The New Riot Grrrls
by Hannah Nussbaum
Combining a DIY art ethic, feminist consciousness, and punk anti-establishment sensibility, the Riot Grrrl movement began on the west coast in the 90s as a response to chauvinism woven into the punk scene. The DIY art dimension of the Riot Grrrl movement built upon the bad-gal history of ‘craftivism,’ a term coined to talk about the tradition of women using craft as a mode of political resistance and activism.
Craftivism takes art and craft practices that have been labeled “domestic” and uses them towards subversive or adversarial ends. It takes many forms, and can consist of stitching, knitting, or crafting with the sort of mediums that might appear in your “babysitting toolkit” (stickers, markers). Its products are objects, zines, or wearables that promote femme solidarity and circulate ideas. They’re often produced in the context of communitarian maker sessions; the process is as important as the products. It’s worth thinking about the performative dimension at work here; a certain level of pastiche is happening when women and femme individuals gather together in a way that mirrors the social stitching circles of stay-at-home mothers of decades past, only here, their products are voicing demands or enacting feminist political potential.
The Riot Grrrls in many ways crystalized what craftivism looks like today: they drew heavily from a DIY culture that espoused up-cycled clothing, cut-and-past zines, and other anti-sweatshop, anti-capitalist forms of production. They shattered the public/private binary that kept traditionally domestic craft processes in the home, through enacting public production circles, and through creating art spaces that highlighted their work (thus also challenging the exclusion of women’s craft and fiber art from the fine art world).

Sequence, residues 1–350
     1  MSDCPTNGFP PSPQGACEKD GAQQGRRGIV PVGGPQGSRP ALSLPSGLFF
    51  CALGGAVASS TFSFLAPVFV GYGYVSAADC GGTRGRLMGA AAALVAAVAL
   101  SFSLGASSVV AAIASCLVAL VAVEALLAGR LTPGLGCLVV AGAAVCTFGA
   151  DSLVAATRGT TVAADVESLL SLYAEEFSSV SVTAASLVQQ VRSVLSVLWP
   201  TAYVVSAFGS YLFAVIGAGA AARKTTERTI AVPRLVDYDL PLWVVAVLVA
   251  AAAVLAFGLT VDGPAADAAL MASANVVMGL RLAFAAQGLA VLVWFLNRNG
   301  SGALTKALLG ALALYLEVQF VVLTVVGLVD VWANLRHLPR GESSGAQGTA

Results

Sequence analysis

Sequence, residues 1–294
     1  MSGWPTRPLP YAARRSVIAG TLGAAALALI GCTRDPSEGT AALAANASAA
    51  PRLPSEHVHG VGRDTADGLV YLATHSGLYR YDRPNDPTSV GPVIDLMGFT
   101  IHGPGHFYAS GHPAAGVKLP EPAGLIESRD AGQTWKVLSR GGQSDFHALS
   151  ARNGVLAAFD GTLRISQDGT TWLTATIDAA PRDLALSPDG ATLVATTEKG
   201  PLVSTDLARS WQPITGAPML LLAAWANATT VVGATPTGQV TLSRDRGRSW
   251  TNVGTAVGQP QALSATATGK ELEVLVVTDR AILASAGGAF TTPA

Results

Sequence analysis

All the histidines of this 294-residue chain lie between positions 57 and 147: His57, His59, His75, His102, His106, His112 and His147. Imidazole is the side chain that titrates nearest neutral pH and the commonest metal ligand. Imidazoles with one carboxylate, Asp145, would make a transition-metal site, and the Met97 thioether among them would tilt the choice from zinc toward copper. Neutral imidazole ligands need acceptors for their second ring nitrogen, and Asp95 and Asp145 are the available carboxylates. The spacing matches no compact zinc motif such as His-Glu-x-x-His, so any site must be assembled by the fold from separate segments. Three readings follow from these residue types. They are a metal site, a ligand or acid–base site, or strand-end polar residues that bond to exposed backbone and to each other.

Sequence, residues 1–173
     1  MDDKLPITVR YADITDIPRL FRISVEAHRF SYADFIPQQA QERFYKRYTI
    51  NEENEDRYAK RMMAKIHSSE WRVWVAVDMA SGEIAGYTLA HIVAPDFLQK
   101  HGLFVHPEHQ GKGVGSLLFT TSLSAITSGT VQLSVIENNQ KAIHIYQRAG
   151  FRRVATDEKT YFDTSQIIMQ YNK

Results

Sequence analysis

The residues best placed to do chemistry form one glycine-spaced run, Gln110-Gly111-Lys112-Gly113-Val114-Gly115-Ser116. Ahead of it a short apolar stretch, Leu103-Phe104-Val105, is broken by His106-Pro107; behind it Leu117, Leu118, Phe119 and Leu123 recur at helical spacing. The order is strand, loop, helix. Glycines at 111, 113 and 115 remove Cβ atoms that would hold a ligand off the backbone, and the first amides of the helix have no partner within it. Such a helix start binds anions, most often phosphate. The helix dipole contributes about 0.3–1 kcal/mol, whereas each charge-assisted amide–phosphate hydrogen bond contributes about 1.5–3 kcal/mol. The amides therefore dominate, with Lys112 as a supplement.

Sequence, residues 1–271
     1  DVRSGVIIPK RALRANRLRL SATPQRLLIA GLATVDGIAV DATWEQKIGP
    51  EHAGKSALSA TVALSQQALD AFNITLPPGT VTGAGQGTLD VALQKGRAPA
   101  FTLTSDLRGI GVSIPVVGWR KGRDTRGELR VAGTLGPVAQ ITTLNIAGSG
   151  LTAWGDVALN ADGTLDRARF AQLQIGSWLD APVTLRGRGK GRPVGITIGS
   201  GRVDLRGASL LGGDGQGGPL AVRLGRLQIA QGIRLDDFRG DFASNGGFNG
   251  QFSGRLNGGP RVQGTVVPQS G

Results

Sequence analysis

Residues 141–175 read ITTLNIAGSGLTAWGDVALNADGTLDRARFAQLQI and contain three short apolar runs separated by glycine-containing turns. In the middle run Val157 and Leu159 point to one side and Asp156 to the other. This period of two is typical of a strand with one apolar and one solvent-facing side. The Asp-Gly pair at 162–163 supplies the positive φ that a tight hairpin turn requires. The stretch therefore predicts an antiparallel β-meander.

Today, you can find Riot Grrrl-esque craftivism on all corners of social media; it has re-emerged in the context of fourth wave feminism, popularized (ironically) through digital channels, then disseminated IRL. Feminist internet and Instagram artists are using their social followings to organize physical maker sessions, to exhibit work that persists in its exclusion from prestigious artistic institutions, and to sell their goods directly to their communities. This digital resurgence of craftivism is facilitating (finally) the option of artists receiving a wage for craft processes that have long been excluded from waged systems. And although not all artists are able to convene their followers in IRL workshops, the communitarian aspect comes into play through a culture of digital support and camaraderie.
Don’t sleep on the ladies forging a way forward for arts and crafts.